He played many more Beatles tunes than I expected; a brilliant surprise. Each song a stellar performance, from solid rockers Back in the USSR and Hard Day’s Night to the stirring Hey Jude and Blackbird, there was something for everyone. He played plenty of Wings tunes, and of course his solo material. He paid tribute to both John and George in song. He played the first recording by The Quarrymen (In Spite of All the Danger) then skipped to his most recent song, which based on the images projected I can only assume was the song he cut with Kanye West and Rhihanna. It was the only song he played that I didn’t recognize.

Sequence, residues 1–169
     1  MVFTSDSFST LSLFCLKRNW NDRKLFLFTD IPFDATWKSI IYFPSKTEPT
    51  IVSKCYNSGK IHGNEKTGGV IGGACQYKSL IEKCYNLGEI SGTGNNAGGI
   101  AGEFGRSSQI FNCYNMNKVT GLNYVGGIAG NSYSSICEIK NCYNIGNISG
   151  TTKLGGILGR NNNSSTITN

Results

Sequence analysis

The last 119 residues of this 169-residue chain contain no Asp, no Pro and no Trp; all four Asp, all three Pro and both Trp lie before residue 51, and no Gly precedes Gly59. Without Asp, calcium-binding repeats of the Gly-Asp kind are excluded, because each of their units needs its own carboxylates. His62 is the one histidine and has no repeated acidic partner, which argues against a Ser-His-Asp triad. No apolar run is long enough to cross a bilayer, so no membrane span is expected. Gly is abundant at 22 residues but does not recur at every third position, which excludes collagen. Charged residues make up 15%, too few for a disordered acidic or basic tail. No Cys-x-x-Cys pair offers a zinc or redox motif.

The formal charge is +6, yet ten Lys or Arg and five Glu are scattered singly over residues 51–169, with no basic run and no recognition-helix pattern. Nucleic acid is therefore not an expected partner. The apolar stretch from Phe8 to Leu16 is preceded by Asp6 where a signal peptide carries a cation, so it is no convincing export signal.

Sir Paul missed the intro to Hard Day’s Night, the opener, because, after he counted it off, he turned to the mic to sing, but found himself 3-5 feet away from it. If you know the song at all, then you know immediately after the booming strong opening chord you have to hit the vocals or it won’t work. So he stopped the song, had a laugh, and they started again. At that moment I knew it was going to be an extraordinary night, but it exceeded my expectations even still. Three or four songs later, as the drummer and keyboardist were out of sync starting Temporary Secretary, Paul stopped them again. He said,”At least you know we’re really live. No tapes here!” He is a brilliant showman in addition to everything else.